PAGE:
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Butter and beef – high prices for the same reasons, but farmers are not getting any richer

Butter and beef – high prices for the same reasons, but farmers are not getting any richer

14 November 2017
The price of butter has been going through the roof and shops in France have been running out of it while the raw material it is made from, milk, costs next to nothing.

How can this paradox be explained?

Butter has been selling at stratospheric price levels over the past few months (€7,000 per tonne) and some French supermarket chains have been running out of it.
French dairy farmers have been forced, over the past few years, to lower their prices. Their prices – which currently stand at €350 per 1,000 liters – do not enable them to make money from their farms.

This appears to be the paradox at the moment”, acknowledges Dominique Chargé, the Chair of the Fédération Nationale des Coopératives Laitières (FNCL, the national federation of milk cooperatives), “but it is not one when you understand what is actually happening”.

The steep rise in the price of butter can be explained, firstly, by increased demand from Asian countries, who are being tempted by the western lifestyle, and secondly, by increased sales in western countries, notably in France.

A decade ago, everybody was convinced that there was a problem with butter, that it wasn’t good for your health and that only producing protein – and not fat – was the future of the dairy industry. Yet now the situation has been turned on its head, since nutritionists have told us that protein is bad and that butter is good. Consumers have thus started eating more of it, and also the [food] industry has sought substitutes for palm oil”, explains Dominique Chargé.

But to understand the price paradox about milk and butter, you need to examine the ways in which they are produced :
To produce butter, only cream – which makes up a small proportion of milk – is used. About 1,000 liters of milk are required to produce 45kg of butter. The rest of the milk is processed into milk powder (90kg of it) and into buttermilk (which is mainly made up of water), which is used by the food industry, but which is very cheap.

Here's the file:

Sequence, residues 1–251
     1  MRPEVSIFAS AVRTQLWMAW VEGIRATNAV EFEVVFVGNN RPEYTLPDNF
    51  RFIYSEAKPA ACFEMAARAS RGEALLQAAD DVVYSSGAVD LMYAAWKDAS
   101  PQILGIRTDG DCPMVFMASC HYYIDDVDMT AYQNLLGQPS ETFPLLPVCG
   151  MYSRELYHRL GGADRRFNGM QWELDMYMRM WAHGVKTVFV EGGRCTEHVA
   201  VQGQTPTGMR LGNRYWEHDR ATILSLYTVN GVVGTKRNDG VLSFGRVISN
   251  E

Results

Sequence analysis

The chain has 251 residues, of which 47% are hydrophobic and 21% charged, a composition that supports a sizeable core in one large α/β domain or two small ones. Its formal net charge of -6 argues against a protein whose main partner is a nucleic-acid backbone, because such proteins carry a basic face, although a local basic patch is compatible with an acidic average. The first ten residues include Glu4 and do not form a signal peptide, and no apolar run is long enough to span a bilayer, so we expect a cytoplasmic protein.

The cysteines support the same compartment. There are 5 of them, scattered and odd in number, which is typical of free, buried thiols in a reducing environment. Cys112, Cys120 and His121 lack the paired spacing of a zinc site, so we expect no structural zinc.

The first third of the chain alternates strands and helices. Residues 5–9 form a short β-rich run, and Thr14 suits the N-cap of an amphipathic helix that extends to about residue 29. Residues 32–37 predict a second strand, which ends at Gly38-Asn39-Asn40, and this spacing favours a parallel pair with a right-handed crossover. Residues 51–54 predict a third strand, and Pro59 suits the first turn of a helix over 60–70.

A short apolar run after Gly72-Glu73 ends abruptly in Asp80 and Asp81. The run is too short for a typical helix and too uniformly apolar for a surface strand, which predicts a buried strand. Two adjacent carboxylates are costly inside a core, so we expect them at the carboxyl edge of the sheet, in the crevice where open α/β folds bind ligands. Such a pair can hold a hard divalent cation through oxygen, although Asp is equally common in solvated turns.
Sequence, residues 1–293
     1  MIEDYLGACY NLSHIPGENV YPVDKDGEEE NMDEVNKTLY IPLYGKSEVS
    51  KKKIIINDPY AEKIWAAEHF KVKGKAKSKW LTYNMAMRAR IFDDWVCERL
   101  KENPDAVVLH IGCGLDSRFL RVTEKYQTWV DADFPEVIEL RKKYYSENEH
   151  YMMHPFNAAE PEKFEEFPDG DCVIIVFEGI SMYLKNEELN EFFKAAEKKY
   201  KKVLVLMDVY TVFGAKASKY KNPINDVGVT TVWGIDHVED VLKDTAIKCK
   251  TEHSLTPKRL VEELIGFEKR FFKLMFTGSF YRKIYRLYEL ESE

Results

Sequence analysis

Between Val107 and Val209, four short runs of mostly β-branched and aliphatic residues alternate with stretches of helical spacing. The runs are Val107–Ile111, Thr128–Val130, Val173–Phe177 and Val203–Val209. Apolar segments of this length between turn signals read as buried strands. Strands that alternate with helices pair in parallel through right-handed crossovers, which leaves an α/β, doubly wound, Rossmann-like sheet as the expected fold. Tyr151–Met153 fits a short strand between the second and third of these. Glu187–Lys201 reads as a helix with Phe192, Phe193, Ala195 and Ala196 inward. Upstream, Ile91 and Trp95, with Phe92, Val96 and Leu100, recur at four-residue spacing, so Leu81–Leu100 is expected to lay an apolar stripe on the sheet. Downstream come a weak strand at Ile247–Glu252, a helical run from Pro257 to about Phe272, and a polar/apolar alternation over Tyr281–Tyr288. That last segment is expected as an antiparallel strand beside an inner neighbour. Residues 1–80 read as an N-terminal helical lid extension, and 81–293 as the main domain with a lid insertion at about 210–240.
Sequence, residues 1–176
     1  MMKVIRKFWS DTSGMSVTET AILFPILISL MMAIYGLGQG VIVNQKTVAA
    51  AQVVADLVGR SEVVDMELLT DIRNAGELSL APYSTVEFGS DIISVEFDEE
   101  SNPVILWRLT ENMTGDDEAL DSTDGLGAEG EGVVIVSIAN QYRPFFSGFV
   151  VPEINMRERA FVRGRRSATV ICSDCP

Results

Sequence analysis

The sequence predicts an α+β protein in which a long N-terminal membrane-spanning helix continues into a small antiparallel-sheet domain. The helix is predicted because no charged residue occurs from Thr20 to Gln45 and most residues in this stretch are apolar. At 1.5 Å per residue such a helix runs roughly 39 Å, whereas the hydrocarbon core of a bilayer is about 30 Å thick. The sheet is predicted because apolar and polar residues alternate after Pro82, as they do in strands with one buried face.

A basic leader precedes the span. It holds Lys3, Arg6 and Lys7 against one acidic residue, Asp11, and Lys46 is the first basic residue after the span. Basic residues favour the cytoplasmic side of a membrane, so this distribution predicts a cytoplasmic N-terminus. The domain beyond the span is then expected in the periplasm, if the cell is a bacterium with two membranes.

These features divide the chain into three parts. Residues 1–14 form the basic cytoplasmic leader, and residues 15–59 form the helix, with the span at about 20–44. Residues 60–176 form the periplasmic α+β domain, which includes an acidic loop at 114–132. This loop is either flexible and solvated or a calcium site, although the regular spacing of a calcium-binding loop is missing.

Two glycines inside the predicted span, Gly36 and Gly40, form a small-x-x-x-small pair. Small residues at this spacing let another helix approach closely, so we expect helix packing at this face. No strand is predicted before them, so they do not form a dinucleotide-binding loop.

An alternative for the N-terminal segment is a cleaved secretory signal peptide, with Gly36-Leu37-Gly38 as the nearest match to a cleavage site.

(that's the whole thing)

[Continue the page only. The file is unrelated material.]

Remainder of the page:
In other words, when 45kg of butter is produced, twice that of milk powder in quantity terms must be sold.
But the latter is not highly valued.

Milk powder is a co-product, and one which doesn’t have a great value. It is less profitable to produce and as a result the price of the prestigious substance – butter – is going through the roof”, explains Dominique Chargé.
Thus, “Dairy industry companies could produce much more milk powder, but it would not be profitable, because they would then have to sell the milk powder, and it does not make them much money”, according to the Chair of the FNCL.

The end result? The dairy industry places the emphasis on high added-value segments which are growing strongly, such as cheese, and mainly mozzarella, cheddar, and Emmental, which are used in preparations by food manufacturing companies in their recipes – in pizzas and hamburgers, for instance.

The impact on beef has not thus only been caused by the end of milk quotas and the resultant reduction in herds. But there are great similarities in the forces at play in these two interlinked markets.
 
Given the lack of sufficient outlets for sales on the French domestic consumer market and on the export consumer market, the market for meat to be used as mince has aligned the prices for “high-quality” beef (coeur de gamme) and those paid for cows previously used to produce milk (milk cows), and other light cattle intended for processing into mince.

The 1% per annum growth of the minced meat market has caused some casualties – for example, specialized producers of beef – as paradoxical as that may seem.
 
The mince market now accounts for 42% of the various types of beef purchased by households. And the more its market share grows, the more difficult it makes it to get a good price for animals from milk cow herds!

The drop in spending power in France does not account, on its own, for this vogue for “budget” or “low-cost” products. Growth in the consumption of minced meat – fresh, frozen or in preparations – above all flags a change of eating habits and of consumers’ tastes, so much has the trend turned into a phenomenon.

Sold in supermarkets and in fast-food chains, these products are completely in line with the current lifestyle. As regards the food service (or catering) industry, the consumption of minced meat has been boosted by the surge in popularity of the burger, both in the fast-food sector and in the conventional restaurant sector, in both of which restaurants generate better margins than with their dishes featuring cuts of meat.

When less milk cows are slaughtered, the prices paid for all types of cattle, as a whole, will be pushed upwards, which will increase, by means of a ricochet effect, volatility on the minced meat market.

Even in the conventional meat aisles in large supermarket chains, heavy animals have fallen out of favor, since after processing they no longer meet the requirements of consumers.

To the extent that 95,000 carcasses, each weighing in excess of 450 kilos, are now earmarked for processing into minced meat!

The end result? The price of minced meat and the price of meat for use in industrial preparations is going through the roof, and paradoxically, there is not enough of it, since the sacrosanct balance in terms of raw materials as regards meat is not being achieved – “Rib eye steaks and sirloin steaks are staying in the fridge” – and the supply of raw materials, and especially the supply of French beef, is not meeting demand.

In 2018, the trend is expected to continue. Watch this space!
 
 
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